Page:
Life Of A Sneakerhead: One To Rock, One To Stock
Hieu Phan, 18, is a “sneakerhead” – he collects shoes that are rare and have trading value.
Phan remembers watching reruns of the Olympics with his dad when he was very young. When Michael Jordan was on the bench lacing up his sneakers in the second quarter, his shoes caught Phan's eyes. It was a special moment for him, but not as special as when he finally got his own pair of the same shoes Jordan had been wearing: Air Jordan Olympic 7.
But that wasn't his first pair. Phan’s mom first bought him a pair of Jordans in kindergarten. "Ever since then I've been in love with them," he said.
Wearing these shoes used to make him feel like Michael Jordan, but now that he’s older Phan sees the sneaker game as a competition to see who has the most of the 2,000 different models of Jordan shoes.
Every sneakerhead like him has a quest. "I only have about 60 pairs," Phan said, "so I don’t feel like I’m even close to where I want to be."
Like a lot of collectors, Phan sometimes buys two pairs of each shoe – one to rock and one to stock.
He has boxes stacked up to the ceiling in his closet, with a picture of the type of shoe inside on the outside of each. Phan gave an intricate description of a pair as he unwrapped it, "The leather is so creamy, and the elephant print has suede corduroy material with inner lining double stitching."
But there’s still one pair that he really wants to get his hands on: the Quai 54 Air Jordan 5, made in Tokyo. On eBay they go for around $1,000 or more.
A lot of people think it’s crazy to spend so much money on shoes, especially Phan’s mom. He said at first she didn't like his collecting, but now she sees the benefits of it.
"Whereas other teenagers are wasting their money on other things that might harm their life, she sees it as a hobby that is neither illegal or bad in any way," Phan said.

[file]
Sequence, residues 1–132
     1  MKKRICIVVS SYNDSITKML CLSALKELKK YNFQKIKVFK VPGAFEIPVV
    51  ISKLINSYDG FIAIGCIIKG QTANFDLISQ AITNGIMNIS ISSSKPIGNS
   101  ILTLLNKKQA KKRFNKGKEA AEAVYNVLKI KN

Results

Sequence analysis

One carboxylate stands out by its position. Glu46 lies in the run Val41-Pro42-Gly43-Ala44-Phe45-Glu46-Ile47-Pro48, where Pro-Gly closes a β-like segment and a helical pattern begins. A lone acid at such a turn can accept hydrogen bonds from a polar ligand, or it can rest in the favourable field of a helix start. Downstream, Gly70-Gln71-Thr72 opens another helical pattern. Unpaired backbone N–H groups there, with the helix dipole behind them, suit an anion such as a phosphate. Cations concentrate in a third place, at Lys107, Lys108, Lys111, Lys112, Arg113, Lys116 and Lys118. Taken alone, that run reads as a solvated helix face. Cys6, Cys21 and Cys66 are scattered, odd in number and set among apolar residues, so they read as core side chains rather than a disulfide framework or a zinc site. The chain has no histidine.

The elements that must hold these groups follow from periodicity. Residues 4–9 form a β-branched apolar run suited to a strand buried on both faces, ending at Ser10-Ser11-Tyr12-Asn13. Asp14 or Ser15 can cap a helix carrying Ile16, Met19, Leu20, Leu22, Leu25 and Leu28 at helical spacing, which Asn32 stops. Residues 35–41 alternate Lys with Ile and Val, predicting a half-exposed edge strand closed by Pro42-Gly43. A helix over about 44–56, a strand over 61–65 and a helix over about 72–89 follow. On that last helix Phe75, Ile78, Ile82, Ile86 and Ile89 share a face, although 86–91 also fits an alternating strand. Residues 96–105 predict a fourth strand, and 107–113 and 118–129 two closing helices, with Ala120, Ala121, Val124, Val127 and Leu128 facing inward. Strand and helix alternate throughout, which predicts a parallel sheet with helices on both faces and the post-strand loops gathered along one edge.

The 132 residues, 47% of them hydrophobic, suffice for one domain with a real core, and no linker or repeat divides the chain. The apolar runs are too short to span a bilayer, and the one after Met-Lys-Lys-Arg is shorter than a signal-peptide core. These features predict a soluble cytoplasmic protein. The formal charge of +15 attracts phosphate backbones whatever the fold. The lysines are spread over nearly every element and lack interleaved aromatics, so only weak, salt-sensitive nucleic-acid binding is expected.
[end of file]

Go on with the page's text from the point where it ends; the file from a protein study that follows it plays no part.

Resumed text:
Phan's friends think his hobby is really cool. But his mom still wishes he’d save money for college. Phan admits Jordan sneakers are expensive. To afford his hobby, he works at his uncle’s store. He's helped out there since he was 14; first sweeping floors and now working as a cashier.
Phan sees collecting sneakers as a way to help him in his future career. He wants to go into business. "I feel like it makes me be more responsible with my money," Phan said. "It also gets me into the mindset of how to invest and earn more money in a legal way."
But the sneaker game isn’t just expensive, it can be dangerous. There have been riots at the shoe releases. Some people have ended up in the hospital or dead.
Phan had a close call once. It was the day he bought a pair of Jordan 11. He was a sophomore in high school and was riding the bus home at 8:30 a.m. after buying the shoes. When he got off the bus, three males followed him, beat him up and took his shoes.
Right after the attack, Phan said he notified the police. They found the suspects and made them pay restitution. Phan used the money to buy another pair, but didn’t press any charges. "I knew they were sneakerheads that didn’t have enough money," he explained. "I knew their struggle and I didn’t feel like they should face jail time."
Nike has since come out with a solution to the high demand: People follow Nike Seattle on Twitter and message the company their name, size and the hashtag used for a certain shoe. Phan said the service, called Twitter RSVP, is a very good idea because it stops the madness.
Phan sees the day coming when he won’t be collecting sneakers anymore. "Actually I was talking to my girlfriend about this a couple days ago," he said, "and I decided that at the age of 22, I would stop for the most part buying retro Jordans. I want to be more representable and more respectable."
Someday, when Phan has a family of his own, he said he wouldn’t push his son to collect sneakers. He hopes that his son will see more valuable things in life, and won’t get into that habit at a young age.
"I don’t necessarily feel like it was a mistake," Phan said. "I just think there’s better things for him to do with his money – like buy books."
RadioActive is KUOW's program for high school students. This story was produced in RadioActive’s Spring 2014 Workshop. Listen to RadioActive stories, subscribe to the RadioActive podcast and stay in touch on Facebook.